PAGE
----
Perhaps the most widespread literary art practiced among Mormons is oratory. The three or four weekly sermons given in every LDS congregation, usually by members of that congregation, sum to a formidable amount of practice at public speaking. And while the average active member may speak in church once every few years, local leaders certainly get plenty of practice. I don’t know if prayer should be considered a literary art or not, but if not, then oratory is likely our most commonly used art form.
Where should literature fit in our priorities? Is it more important to preach the gospel than put on a play? Is culture worth time away from service? While its probably not that simple—one of these things doesn’t necessarily take away from another—still our Mormon culture and its products are often assumed to be less important than the stated gospel priorities of teaching the gospel and redeeming the dead. The following passage shows that the Church doesn’t (or at least didn’t) see it that way.
For many Mormons today, a play about a murderous school teacher would be hard to classify as “uplifting.” And while I would be surprised to hear anyone today suggest that all drama was in conflict with the gospel, the condemnation of the media today by many Mormons hardly seems different. But in the search for what is “uplifting” it might be nice to define what we mean by that term.
When we hear principles taught from the pulpit, they sometimes seem remote, disconnected from reality. So speakers often add stories, sometimes fictional, to their sermons, so that we can put the principle in context. The stories produced during the Home Literature movement are often in that vein, what are sometimes called “didactic” stories, with a clear moral teaching the principle that the author wants to communicate.
In this series I’ve presented excerpts from many sermons and essays that demonstrate what Mormons have thought and discussed about literature. Today’s text is a little different, because it is an excerpt from a short story. But, it still fits, because in this story Nephi Anderson, dean of the Home Literature movement, preaches about literature—specifically what kinds of drama should be presented.
It is wonderful to come across completely new information on one subject when you are searching for information in a completely different area. In my case, I was looking for background on Edward Tullidge and why he was in New York City in 1866, and I discovered the Edward Tullidge who tried to create a Mormon literature in 1864. I also discovered that my impression of Tullidge, as an inconstant and unfaithful Church member involved in the Godbeite schism, was not a fair impression. And I came to the conclusion that we, in Mormon letters, need to give Edward Tullidge, the author, poet, playwright and editor, more attention when we look at Mormon literary history.
Salt Lake City’s Plan-B Theatre Company is staging the world premier of Matthew Greene’s Adam & Steve and the Empty Sea at the end of this month. The play opens Jan. 31 and runs through Feb. 10. Tickets and details are available at planbtheatre.org or 801.355.ARTS.
Here is the description of the play from Plan-B:
Adam is LDS. Steve is gay. Set against the backdrop of the passage of Prop. 8, these childhood friends grapple with religion, sexuality,politics and adulthood. A world premiere by LDS playwright Matthew Greene. Featuring Logan Tarantino as Steve and Topher Rasmussen as Adam, directed by Jason Bowcutt.
AMV readers may recall that I interviewed Greene is about his play #MormoninChief. LDS playwright, retired BYU professor and literary/cultural critic Eric Samuelsen recently interviewed Greene about Adam and Steve and the Empty Sea. Greene attended BYU during the time Eric taught there so that also is discussed. Enjoy!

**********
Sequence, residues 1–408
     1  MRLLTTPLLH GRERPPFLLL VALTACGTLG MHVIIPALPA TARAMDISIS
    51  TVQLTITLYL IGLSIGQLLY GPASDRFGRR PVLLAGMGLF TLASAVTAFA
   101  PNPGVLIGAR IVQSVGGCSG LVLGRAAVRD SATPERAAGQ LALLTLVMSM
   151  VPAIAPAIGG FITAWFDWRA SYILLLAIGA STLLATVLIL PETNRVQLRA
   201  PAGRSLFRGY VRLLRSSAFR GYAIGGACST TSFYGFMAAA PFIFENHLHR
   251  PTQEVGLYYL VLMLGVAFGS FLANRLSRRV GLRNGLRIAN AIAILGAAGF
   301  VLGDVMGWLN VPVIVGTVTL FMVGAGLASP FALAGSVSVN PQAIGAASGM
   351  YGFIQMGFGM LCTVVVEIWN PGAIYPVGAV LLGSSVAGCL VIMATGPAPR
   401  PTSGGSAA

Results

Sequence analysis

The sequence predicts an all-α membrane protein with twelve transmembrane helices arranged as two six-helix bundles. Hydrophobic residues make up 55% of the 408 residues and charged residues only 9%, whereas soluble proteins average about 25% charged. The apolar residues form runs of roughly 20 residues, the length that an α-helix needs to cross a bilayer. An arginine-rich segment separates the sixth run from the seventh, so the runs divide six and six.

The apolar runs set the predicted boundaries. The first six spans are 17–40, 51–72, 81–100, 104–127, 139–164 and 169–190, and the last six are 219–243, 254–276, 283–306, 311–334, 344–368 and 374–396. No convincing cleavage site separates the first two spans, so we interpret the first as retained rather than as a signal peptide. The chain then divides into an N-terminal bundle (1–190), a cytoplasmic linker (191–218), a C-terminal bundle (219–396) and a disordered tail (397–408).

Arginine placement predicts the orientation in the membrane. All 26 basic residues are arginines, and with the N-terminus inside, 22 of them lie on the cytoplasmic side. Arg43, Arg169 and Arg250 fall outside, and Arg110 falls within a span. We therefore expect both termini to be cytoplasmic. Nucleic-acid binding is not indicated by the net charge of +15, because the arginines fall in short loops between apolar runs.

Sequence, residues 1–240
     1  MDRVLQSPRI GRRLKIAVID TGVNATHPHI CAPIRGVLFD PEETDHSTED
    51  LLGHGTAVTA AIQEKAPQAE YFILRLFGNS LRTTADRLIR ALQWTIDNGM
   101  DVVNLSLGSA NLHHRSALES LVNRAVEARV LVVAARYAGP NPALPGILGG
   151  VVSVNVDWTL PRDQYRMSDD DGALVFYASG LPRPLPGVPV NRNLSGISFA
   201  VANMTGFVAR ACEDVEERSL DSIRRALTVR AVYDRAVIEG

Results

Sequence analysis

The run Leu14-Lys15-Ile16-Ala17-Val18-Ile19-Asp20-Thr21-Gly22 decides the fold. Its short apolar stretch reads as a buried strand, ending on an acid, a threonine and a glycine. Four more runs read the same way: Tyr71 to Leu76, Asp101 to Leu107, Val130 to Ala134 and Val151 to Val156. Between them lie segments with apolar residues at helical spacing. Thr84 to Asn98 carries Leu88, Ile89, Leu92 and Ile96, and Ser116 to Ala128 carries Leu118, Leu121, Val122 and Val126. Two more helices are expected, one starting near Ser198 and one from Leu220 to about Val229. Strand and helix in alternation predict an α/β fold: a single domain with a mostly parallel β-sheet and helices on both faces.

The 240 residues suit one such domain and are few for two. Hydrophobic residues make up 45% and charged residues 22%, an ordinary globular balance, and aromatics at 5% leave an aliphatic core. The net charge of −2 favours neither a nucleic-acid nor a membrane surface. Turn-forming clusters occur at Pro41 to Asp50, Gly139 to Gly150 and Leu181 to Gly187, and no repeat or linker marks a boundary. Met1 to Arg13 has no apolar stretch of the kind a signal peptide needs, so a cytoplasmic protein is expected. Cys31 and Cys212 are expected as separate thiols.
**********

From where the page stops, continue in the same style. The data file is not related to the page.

One Playwright to Another: Eric Samuelsen’s Interview with Matthew Greene
I guess it would have been five years ago now that Matthew Greene showed up in my beginning Playwriting class at BYU. Mild-mannered kid, obviously exceptionally bright, but rather quiet. I assigned the kids to write a ten minute play, due the next class period—jump right in and start writing something, anything. And his play was smart and funny and real. I knew I had someone special in that classroom. He’s had his New York debut, with #MormonInChief. And now Plan-B Theatre in Salt Lake is producing his play Adam and Steve and the Empty Sea. more
I’ve written before about the once great status of Mormon theatre, and the infrastructure it once enjoyed. So I was pleased to find comments about the beginning of this infrastructure from Horace G. Whitney, longtime Deseret News editor-in-chief and the paper’s drama critic. In my opinion infrastructure, broadly conceived, accounts for much of what has happened in Mormon drama over the past century. Whitney, in the article below, describes a vision of how drama could operate under the MIA and ward amusement committees (which were roughly the equivalent of the recently disbanded ward activities committees, I assume).
I must be honest. This quotation, although delivered in the tabernacle, isn’t so much literary criticism as drawing a lesson from contemporary literature. But the work involved is available, and the idea that Brigham Young both saw the play and commented on it. Perhaps more surprisingly, his comment fits well with the theme of the play itself.
The comments below were made in early February, 1853, just months (and perhaps just weeks) after the Social Hall, the first entertainment venue in the Salt Lake Valley, had been completed. As I’ve mentioned in other posts, drama has traditionally been an important part of Mormon culture, and support for drama can trace its history to Nauvoo, where even Brigham Young played at being an actor. In Salt Lake, his support led to not only the construction of the Social Hall, but to the Salt Lake Theater, the principal home for drama in Utah for 40 years.